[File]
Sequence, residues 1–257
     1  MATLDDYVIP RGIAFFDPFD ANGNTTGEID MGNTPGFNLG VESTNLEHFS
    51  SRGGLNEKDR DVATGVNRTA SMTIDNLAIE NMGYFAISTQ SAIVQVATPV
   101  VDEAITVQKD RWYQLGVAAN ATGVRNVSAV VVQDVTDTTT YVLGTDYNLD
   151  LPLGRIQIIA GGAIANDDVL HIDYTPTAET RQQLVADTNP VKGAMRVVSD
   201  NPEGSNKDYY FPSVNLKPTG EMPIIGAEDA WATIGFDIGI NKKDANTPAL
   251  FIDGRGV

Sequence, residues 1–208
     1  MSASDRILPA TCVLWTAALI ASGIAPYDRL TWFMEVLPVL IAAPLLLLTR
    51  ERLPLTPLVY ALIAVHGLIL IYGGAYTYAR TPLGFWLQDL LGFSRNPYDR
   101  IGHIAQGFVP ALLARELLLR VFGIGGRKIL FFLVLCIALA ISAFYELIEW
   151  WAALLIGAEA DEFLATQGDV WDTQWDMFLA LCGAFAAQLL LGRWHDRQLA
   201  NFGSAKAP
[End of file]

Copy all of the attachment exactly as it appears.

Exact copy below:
Sequence, residues 1–257
     1  MATLDDYVIP RGIAFFDPFD ANGNTTGEID MGNTPGFNLG VESTNLEHFS
    51  SRGGLNEKDR DVATGVNRTA SMTIDNLAIE NMGYFAISTQ SAIVQVATPV
   101  VDEAITVQKD RWYQLGVAAN ATGVRNVSAV VVQDVTDTTT YVLGTDYNLD
   151  LPLGRIQIIA GGAIANDDVL HIDYTPTAET RQQLVADTNP VKGAMRVVSD
   201  NPEGSNKDYY FPSVNLKPTG EMPIIGAEDA WATIGFDIGI NKKDANTPAL
   251  FIDGRGV

Sequence, residues 1–208
     1  MSASDRILPA TCVLWTAALI ASGIAPYDRL TWFMEVLPVL IAAPLLLLTR
    51  ERLPLTPLVY ALIAVHGLIL IYGGAYTYAR TPLGFWLQDL LGFSRNPYDR
   101  IGHIAQGFVP ALLARELLLR VFGIGGRKIL FFLVLCIALA ISAFYELIEW
   151  WAALLIGAEA DEFLATQGDV WDTQWDMFLA LCGAFAAQLL LGRWHDRQLA
   201  NFGSAKAP